Margot’s location—high on the rooftop of Culver City’s Platform complex—may be the restaurant’s main draw, but it’s pleasing to see that one can get a pretty decent meal here, too.
Chef Michael Williams’s menu doesn’t exactly reach for the stars in terms of ambition, but with a few exceptions, it’s suitably targeted at its trendy clientele and mostly succeeds in providing well-executed and well-sourced dishes to sizeable crowds.
Of our two visits, brunch proved to be the most enjoyable; I can’t think of many better spots in town for spending a few pleasant hours day-drinking with friends. But the food is good, too. A crudo of kampachi with pickled mustard seed, horseradish and dill ($19) was balanced with enough accompaniments to complement, rather than overpower, the fattiness of the fish. The wild arugula salad with hazelnut vinaigrette, baby beets, citrus and manchego ($16) was a highlight, with the pepperiness of the arugula working well with the texture of the hazelnuts and the saltiness of the Spanish sheep’s cheese.
The larger brunch courses more or less center around the classics, but show a care and attention that often gets missed in this underrated meal: Fried chicken with Calabrian honey ($24) had a perfect coating and demanded to be dipped into the small dish of heat-and-sweet honey. Porchetta Benedict ($17) was a fun play on a traditional dish, but I wish the pork had retained a bit of cracklin’ to give texture to what was otherwise an all-soft dish. The American-wagyu steak and eggs ($32) was notable not only for the on-point cooking of the steak or the two glistening yolks of perfectly prepared eggs, but also for an addictive side of crisp roasted fingerling potatoes good enough to send anyone’s Keto diet to hell in a handbasket. They also serve these separately as patatas bravas ($13), where they’d be perfect with a cocktail.
In the evening the menu gets a little more serious, with the addition of a range of pastas and more ambitious entrées and appetizers, many of which leaned toward Spanish cuisine. Stuffed piquillo peppers ($10) came filled with Idiazabal cheese, transportive of being in a Madrileño bar. A smoked eggplant and salty feta cheese dish made for a great combination in the eggplant caponata toast ($14), and the grilled blue prawns with chili marinade, herbs and lime ($28) had been cooked till the flesh retained a snap when bitten, while the sauce provided some very enjoyable shrimp-head sucking action.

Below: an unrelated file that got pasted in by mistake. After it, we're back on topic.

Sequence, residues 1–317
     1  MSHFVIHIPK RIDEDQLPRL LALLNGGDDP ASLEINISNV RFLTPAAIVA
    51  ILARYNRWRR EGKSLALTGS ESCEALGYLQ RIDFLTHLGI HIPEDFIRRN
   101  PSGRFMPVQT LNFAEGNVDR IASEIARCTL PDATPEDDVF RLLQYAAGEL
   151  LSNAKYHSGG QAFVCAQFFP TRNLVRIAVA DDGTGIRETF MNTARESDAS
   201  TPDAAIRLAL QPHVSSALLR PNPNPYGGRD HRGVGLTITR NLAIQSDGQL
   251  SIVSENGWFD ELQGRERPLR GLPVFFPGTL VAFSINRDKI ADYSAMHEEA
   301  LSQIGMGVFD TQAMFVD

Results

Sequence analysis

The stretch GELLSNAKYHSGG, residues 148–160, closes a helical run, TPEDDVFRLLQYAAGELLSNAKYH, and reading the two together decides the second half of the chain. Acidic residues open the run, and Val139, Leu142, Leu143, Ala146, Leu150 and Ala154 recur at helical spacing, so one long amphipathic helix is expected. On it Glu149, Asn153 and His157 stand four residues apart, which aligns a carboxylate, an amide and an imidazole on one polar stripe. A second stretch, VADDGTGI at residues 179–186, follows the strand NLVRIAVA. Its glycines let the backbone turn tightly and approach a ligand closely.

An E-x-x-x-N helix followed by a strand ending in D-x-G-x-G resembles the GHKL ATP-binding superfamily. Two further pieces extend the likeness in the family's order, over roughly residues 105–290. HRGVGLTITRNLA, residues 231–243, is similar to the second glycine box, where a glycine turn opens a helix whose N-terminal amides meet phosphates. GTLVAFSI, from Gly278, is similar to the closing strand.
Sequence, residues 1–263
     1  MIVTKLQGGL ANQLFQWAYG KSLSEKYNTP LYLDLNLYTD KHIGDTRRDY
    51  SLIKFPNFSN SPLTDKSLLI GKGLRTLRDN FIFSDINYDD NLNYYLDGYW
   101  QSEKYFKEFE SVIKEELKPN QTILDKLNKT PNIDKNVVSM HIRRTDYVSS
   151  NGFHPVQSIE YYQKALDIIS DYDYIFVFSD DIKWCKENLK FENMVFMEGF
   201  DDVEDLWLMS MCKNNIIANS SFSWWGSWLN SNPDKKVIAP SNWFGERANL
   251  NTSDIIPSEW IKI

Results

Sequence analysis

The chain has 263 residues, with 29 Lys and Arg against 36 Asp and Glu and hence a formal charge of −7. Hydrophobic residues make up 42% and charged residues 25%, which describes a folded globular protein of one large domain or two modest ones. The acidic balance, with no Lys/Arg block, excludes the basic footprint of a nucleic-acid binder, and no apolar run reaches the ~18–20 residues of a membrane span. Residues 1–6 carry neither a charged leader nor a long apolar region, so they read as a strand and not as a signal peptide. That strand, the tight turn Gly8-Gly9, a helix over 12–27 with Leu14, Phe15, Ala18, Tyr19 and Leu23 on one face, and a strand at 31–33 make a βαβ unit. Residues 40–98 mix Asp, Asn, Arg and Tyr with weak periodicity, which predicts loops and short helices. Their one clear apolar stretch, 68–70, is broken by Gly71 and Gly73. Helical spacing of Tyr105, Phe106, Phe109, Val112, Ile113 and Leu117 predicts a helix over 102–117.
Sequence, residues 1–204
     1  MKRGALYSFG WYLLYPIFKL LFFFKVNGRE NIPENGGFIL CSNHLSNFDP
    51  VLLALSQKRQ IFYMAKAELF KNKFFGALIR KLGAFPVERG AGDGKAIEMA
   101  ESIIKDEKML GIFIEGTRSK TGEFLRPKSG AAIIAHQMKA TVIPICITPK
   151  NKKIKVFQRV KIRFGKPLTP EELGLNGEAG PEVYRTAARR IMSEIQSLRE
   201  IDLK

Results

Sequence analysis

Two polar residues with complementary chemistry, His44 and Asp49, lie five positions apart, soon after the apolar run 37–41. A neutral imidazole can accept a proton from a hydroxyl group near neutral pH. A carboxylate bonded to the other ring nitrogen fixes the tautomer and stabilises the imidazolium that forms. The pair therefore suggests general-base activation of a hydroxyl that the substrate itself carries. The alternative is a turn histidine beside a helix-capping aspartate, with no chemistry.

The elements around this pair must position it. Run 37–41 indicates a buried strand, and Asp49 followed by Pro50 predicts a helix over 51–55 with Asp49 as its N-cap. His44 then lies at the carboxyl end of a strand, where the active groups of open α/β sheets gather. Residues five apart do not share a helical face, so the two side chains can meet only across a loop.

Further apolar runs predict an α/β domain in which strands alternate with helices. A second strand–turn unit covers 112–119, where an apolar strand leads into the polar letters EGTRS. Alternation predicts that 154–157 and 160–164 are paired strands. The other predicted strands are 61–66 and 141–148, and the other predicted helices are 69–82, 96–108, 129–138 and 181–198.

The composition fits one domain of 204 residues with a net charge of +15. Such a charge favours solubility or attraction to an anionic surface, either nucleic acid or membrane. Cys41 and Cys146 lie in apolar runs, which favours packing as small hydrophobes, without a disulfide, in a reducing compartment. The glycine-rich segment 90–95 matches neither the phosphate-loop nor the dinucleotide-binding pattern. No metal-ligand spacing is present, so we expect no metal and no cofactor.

Oddly, Margot offered only one meat-based main, an American-wagyu dish at a hefty $60. So instead, we chose the Einkorn-wheat pappardelle in bolognese ($30). This proved a mistake—the dish turned out to be the weakest on either of our visits: The pasta had been significantly overcooked, and the sauce noticeably over salted. Unfortunately, things didn’t return to form for our dessert, and a chocolate torte ($12) proved to be both flourless and flavorless, so we abandoned it after a couple of unenthusiastic bites.
I was disappointed that our last dishes flopped, because to that point, Margot had offered dependable—if hardly groundbreaking—food served in a great space by an enthusiastic and charming staff.
I’m prepared to give it the benefit of the doubt, and if you visit during brunch on any given weekend and see a bald man with big ears who looks like he’s had too many gin and tonics, that’ll probably be me. I apologize in advance.
WHERE TO SIT
The patio is the place to be at Margot, particularly if you visit for a weekend brunch. If you do sit inside, my choice would be to drink and dine at the bar rather than the tables—however there is so much natural light in the restaurant that there are very few bleak spaces.
WHAT TO EAT
Our extended group enjoyed pretty much everything from the brunch menu. Salads were well put together, particularly the wild arugula salad. Even an order of sometimes-yawn-inducing avocado toast was one of the better ones I’ve tasted. Other dishes to get particular mention above the hubbub of conversation were the fried chicken, the porchetta Benedict and the American Wagyu steak and eggs. During the evening meal, both the eggplant caponata and the grilled blue prawns were a win.
WHAT TO DRINK
Drinks are a serious business at Margot. The terrific wine list is worthy of examination and includes an impressive selection of grower champagnes as well as a bottle list that’s dominated by wines from France and Italy but complemented by a small selection of Spanish, Portuguese and domestic wines. Cocktails from Marcos Pulido are noticeably well prepared: Everything we sampled got a definite thumbs up; the list of gin and tonics alone ($13) could get me in serious trouble.